Making The Move From The Corporate World To Self-Employment

Working for a corporation comes with a lot of perks – your job is stable for the most part, you get health and vacation benefits and most importantly, it gives you an identity. However, corporate jobs seldom give you the freedom and choice of lifestyle that come with being self-employed. The paycheck can be a motivator for only so long and given a choice, a lot many corporate workers would prefer self-employment if it only came with better job security.

But the truth is that making the move to self-employment sounds more intimidating than it really is. With a bit of planning from your end, anybody can do the switch. Here are some tips and steps to take care of in order to pursue your career lifestyle of choice.

Build A Cash Source:

Sometimes the only reason you want to become self-employed is to stop pursuing your current line of work. For instance, becoming a virtual assistant may seem counter-intuitive if you do not really like being in customer support. In such instances, you may be required to hone a new skill in your self-employed business. The tough part of doing this is that it regularly takes between six month to a year for one to be good at their new job and earn steady income. Until that happens, it is necessary to identify a cash source for you to survive on. You can do this two ways : One, continue with your daytime corporate job and work on your business in the evenings and on weekends. Alternately, you could use the advice provided in the earlier paragraph to offer your main skill as service up until the time you hone your new skills and make steady income with it.

Business Idea:

One of the stumbling block in the initial stages for many corporate workers is what to pursue in self-employment. A major chunk of these aspiring businessmen spend as much as a few years trying to draft the right business plan to pursue. A good thumb rule to follow is to pick your skill-sets at your corporate job and serve as a consultant in that space. For instance, if you serve as a customer support executive in a call center, you could offer virtual assistant services to small business owners across the world. If you are an ERP manager, you could offer consulting for deployment or management of ERP tools like NetSuite OneWorld to business owners. The idea is to not waste time learning a new skill but to use your knowledge in the existing job to offer as a self-employed position.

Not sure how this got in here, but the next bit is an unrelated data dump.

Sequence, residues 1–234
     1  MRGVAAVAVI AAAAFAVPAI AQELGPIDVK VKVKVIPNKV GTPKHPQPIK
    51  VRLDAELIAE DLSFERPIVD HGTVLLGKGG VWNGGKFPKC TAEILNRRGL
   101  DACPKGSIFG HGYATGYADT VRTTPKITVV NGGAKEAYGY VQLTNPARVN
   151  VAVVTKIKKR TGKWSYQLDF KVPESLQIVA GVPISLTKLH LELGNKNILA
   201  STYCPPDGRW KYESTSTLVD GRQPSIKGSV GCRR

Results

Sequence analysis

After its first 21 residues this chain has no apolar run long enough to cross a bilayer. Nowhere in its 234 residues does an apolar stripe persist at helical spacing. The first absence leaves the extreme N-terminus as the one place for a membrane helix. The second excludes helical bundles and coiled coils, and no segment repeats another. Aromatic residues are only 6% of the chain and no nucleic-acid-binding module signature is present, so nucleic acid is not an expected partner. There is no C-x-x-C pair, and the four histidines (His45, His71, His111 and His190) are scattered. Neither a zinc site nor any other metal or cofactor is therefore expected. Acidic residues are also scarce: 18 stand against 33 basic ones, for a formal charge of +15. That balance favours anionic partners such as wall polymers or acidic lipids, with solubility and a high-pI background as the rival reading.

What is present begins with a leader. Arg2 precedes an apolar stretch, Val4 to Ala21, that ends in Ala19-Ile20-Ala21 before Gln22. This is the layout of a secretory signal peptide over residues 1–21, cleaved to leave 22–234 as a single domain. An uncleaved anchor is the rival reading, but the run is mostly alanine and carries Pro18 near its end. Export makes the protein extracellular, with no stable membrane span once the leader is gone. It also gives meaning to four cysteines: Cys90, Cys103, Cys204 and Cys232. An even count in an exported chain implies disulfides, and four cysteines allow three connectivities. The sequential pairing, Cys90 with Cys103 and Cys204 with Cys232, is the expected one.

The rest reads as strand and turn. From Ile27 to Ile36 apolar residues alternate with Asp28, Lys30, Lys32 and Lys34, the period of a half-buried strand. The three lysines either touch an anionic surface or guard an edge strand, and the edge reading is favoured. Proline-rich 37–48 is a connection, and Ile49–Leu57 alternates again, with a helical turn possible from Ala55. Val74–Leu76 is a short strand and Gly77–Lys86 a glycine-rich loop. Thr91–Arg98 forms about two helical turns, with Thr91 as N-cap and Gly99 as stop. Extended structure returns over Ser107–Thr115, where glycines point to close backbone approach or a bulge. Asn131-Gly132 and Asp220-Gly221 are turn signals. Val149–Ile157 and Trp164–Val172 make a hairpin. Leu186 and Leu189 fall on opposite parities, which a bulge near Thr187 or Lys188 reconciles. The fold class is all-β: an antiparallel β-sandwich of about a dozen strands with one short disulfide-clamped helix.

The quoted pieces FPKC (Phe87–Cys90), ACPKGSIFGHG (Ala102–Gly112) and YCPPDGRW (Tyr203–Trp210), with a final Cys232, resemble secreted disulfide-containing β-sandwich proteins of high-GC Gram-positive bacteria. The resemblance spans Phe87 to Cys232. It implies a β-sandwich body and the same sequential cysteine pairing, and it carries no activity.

Do Not Use Savings:

Books on entrepreneurship frequently extol the virtues of taking risks. While this makes for good motivation, it is not necessarily sound advice. The fact is that nearly 90 percent of new businesses fail. Any aspiring business owner needs to take into account the larger picture and plan for the long-term. This means conserving your bank savings or 401Ks for the rainy day and to not use them to start your business. Successful business owners regularly make sure to have at least six months worth of savings in their bank at all times. But even that, to me, is risky. While it is a good idea to use your own savings instead of debt to finance your business, it is always a better idea to start on something with minimal investment and use the profits from the business to finance your bigger self-employment goal. This is definitely a longer path that can take a few years to materialize. But the probability of achieving your dreams is much higher here. When new business owners use up their savings for launching new ventures, they tend to throw themselves into desperation and any minor hiccup could potentially blow the death-knell to your self-employment dreams.